If you render the view you'll see that despite the the representation in the viewports, the full geometry is always used at render-time, without any need for user-intervention.
The second adaptive display mode allows you to display the geometry as a point-cloud. This mode is useful if you need a more accurate representation of the geometry in the viewports, and especially useful while you're designing complex high-poly styles. To switch on Points-Cloud display mode, follow these steps:
- With the RailClone object still selected, open the Display rollout.
- Click on the Degrade to drop-down list, and select Points-Cloud.
- From this menu you can also change the face threshold value that the object must exceed in order to trigger a simplified display mode. To do this enter a new value on the Adaptive value box.
The railing will now be displayed in the viewport as a points-cloud, but if you render you will see that the full geometry is used at render-time, again without any need for user-intervention.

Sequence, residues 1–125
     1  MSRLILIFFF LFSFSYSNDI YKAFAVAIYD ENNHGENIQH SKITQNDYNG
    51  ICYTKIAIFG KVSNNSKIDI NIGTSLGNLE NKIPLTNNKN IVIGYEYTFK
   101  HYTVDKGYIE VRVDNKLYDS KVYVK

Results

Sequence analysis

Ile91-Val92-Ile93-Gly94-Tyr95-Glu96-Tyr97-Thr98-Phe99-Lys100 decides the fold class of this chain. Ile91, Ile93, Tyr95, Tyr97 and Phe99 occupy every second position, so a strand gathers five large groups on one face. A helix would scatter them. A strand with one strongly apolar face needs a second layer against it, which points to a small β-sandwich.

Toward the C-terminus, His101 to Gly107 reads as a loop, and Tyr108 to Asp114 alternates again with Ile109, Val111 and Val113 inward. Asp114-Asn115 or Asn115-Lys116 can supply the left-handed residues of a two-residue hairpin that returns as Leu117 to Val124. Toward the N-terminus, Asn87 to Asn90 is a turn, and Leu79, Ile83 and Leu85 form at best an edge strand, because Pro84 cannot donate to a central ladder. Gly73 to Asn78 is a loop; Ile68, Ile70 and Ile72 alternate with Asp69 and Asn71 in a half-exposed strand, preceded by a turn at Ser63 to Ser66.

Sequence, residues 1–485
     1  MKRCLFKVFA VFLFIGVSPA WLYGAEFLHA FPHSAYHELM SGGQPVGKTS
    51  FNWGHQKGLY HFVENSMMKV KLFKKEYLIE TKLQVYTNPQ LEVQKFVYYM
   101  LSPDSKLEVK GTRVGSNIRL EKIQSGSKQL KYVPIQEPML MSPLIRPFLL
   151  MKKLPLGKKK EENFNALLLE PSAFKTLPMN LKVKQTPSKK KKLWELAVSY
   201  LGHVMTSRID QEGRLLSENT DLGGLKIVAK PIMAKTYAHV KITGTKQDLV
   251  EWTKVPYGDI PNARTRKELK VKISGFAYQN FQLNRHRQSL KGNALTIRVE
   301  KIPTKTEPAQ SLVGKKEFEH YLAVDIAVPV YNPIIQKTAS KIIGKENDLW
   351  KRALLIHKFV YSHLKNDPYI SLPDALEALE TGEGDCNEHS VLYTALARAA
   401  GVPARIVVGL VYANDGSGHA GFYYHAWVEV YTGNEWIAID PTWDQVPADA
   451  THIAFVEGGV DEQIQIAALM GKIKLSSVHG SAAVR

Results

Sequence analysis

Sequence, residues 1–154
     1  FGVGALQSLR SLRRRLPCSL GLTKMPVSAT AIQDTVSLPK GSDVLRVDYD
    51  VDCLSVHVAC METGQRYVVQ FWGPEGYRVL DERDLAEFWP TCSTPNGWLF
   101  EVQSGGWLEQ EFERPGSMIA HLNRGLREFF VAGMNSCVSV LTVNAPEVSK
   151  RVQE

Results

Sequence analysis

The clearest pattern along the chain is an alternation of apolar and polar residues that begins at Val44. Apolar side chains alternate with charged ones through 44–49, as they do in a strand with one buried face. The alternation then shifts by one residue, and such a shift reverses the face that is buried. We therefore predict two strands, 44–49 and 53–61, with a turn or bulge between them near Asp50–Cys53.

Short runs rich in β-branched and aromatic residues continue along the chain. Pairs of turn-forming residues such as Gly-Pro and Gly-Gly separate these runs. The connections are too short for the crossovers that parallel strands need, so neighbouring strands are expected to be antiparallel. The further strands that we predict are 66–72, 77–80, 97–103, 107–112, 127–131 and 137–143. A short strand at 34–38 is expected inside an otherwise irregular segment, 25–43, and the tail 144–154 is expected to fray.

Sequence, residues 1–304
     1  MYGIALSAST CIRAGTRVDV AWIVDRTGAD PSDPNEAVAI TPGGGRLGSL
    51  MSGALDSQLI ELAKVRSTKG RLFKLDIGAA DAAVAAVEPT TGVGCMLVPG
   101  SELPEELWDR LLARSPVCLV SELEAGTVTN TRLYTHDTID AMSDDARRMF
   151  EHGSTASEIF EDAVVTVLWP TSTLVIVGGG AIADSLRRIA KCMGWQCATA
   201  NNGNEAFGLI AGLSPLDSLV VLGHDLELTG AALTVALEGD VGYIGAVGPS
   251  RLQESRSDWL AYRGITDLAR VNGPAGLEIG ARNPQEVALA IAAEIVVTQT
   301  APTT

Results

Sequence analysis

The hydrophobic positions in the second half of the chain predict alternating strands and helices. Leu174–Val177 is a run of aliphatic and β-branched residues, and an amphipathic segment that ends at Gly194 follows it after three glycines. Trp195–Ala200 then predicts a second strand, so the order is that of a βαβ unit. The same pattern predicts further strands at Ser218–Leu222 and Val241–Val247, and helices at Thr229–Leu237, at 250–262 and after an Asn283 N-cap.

It is also possible to set the display mode manually, irrespective of the number of faces. To do this, open the Display rollout and select one of these 3 options:
- Mesh Turns off the preview modes and displays the full mesh. Often useful when first creating a style but be careful using this mode on large objects as huge poly-counts can easily be created that slow down performance.
- Boxes Forces RailClone to display geometry as boxes.
- Points-Cloud Forces RailClone to display geometry as a points-cloud.
What to do if RailClone exceeds its limits.
Occasionally, when creating a very large RailClone object, you may get a warning telling you that the maximum number of segments has been reached.
This is because RailClone imposes a segment and face count limit to prevent users from accidentally creating RC objects so large they risk crashing 3ds Max. This limit can be increased by going to the display rollout and adjusting the Segments and Faces values.
When calculating the face count, instanced geometry is not taken into consideration.